Captain Sir Richard Francis Burton
Edward Rice’s extensive subtitle, The Secret Agent Who Made the Pilgrimage to Mecca, Discovered the “Kama Sutra,” and Brought the “Arabian Nights” to the West calls attention to the biographer’s task: to make Sir Richard Francis Burton come alive to his readers as a great adventurer. In this task he has succeeded admirably. During his lifetime, Burton appeared to his contemporaries to be a personality larger than life. Sometimes adulated, often reviled, he stood apart from the great majority of prudish, decorous Victorians as though he were a mutation from the body of society. In death, he became a legend.
To separate the various strands of Burton’s authentic life and of his world from myth, Rice insists upon calling his subject “Captain,” the military designation that provided Burton’s essential occupation. Whether ethnologist, translator, literary artist, explorer, or moralist, Burton was at core an officer of the Crown, one whose distinguished career was made possible through the support of the military establishment.
To previous studies of this ever-fascinating figure, Rice adds three major insights—but neglects to address two significant problems. First, he traces Burton’s activities from the sound perspective of services required or permitted as a military officer working within an imperialistic hierarchy. Next, he provides a detailed, generally sympathetic account of Burton’s complex religious experiences. Finally, he views his subject objectively, with neither idolatry nor distaste. Indeed, Rice may go too far in the direction of objective tact. By limiting his psychological interpretation of Burton’s character to data that can be verified, by curbing his own biases, he offers the reader a much-diminished Burton from the swaggering romantic of the British Broadcasting Corporation’s television docudrama The Search for the Nile or the dour, testy romantic of the film Mountains of the Moon (1990).
To trace the footsteps of his elusive hero, Rice devoted more than ten years of research in many of the dusty byroads of the once-mighty British Empire. After ten lengthy trips to India and Pakistan (formerly Sind, Baluchistan, and the Punjab), to Nepal, Iran, the Arab countries, and Palestine, often using Burton’s books as a guide, Rice came to the understanding that “there was more to his life than had yet been covered.” An adventurer himself, Rice had managed—over a period of eighteen years, while traveling and working abroad—to view “firsthand the sites of Burton’s life.” Among his destinations were Bombay and Karachi, also Calcutta and Delhi, places where he had actually lived and not simply passed through as a tourist; he visited Beirut and Baghdad, “then Damascus, the city where Burton had been English counsel for two years”; he worked briefly in Gaza, where Burton had searched for a kidnapped fellow officer; he “wandered through the streets of Istanbul” where Burton had sought a commission during the Crimean War; he crossed the forbidding Somali desert; and later he traveled into Uganda and Kenya, where Burton—during his greatest adventure—had searched for the source of the Nile. Although Rice never upstages the subject of his biography, his own credentials as explorer, traveler, and romantic are remarkably well suited to his task. One can scarcely imagine a biographer better prepared by reason of temperament, courage, or dedication to hunt down the traces of Burton’s own adventures. In spite of his self-effacing modesty as researcher, Rice provides readers the basic data for a new legend; among names included in any short list of twentieth century “scholar adventurers” (in Richard D. Altick’s language), Rice must be counted, not only for his heroic devotion to the objective of gathering evidence but also for his nearly obsessional personal quest to test his mettle against that of Burton.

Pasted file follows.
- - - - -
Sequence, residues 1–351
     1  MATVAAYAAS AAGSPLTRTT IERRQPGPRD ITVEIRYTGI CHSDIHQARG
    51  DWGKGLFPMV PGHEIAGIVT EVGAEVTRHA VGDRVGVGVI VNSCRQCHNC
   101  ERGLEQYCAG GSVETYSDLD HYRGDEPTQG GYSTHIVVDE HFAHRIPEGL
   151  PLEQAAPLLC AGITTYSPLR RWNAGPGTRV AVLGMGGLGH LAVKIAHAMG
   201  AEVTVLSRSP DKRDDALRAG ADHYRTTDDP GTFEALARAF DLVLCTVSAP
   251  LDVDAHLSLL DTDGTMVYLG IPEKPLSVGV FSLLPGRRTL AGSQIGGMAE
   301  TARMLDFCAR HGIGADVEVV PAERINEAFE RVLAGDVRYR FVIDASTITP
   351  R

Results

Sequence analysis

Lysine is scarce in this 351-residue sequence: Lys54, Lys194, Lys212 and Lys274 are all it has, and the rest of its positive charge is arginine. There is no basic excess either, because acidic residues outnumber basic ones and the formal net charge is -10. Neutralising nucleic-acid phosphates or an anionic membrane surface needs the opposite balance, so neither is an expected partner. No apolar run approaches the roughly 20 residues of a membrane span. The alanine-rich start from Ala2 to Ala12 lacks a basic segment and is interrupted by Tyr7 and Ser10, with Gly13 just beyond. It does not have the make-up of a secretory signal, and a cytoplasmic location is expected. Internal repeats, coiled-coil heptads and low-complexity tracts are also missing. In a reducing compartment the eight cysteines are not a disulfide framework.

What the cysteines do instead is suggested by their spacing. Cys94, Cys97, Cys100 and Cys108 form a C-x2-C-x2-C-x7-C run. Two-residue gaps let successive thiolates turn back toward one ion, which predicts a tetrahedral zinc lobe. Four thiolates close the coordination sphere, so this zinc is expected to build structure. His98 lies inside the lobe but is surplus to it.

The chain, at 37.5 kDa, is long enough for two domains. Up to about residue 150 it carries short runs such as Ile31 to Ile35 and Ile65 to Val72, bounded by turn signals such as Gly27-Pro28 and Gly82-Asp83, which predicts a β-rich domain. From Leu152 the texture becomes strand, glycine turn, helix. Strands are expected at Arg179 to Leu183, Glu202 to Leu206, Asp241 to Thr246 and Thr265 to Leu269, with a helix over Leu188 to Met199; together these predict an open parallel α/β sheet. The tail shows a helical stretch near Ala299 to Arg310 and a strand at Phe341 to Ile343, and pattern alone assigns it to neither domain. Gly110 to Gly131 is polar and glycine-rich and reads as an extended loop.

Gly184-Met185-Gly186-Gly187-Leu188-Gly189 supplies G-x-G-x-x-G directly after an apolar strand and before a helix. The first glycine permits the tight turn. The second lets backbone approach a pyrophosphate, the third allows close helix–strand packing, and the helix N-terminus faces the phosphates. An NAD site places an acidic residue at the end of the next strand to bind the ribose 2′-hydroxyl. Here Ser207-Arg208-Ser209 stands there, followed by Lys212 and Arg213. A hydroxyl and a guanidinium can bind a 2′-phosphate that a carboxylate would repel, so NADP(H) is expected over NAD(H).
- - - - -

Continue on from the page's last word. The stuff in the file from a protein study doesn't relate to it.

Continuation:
By the same line of reasoning, Rice offers to Burton scholars a unique gift of personal involvement in ethnological research. Always concerned with the impact (more than the fact) of his subject’s experiences, he has studied in depth the sociological-cultural scene of Burton’s travels. He spoke to “yogis, Sufis, Sikhs, ranis, maharajas, shaykhs, drug addicts, mahouts, black marketeers, rickshaw wallahs, brahmins, and half- castes.” He wandered up the Indus Valley and deep into India, a trip of some eighteen hundred miles, “through lands very much a part of Burton’s life, past Hyderabad, where he had lived in a brothel studying mysticism and gathering information for his general.”
Because of this study—and research as well at the Sikh...
(The entire section is 1916 words.)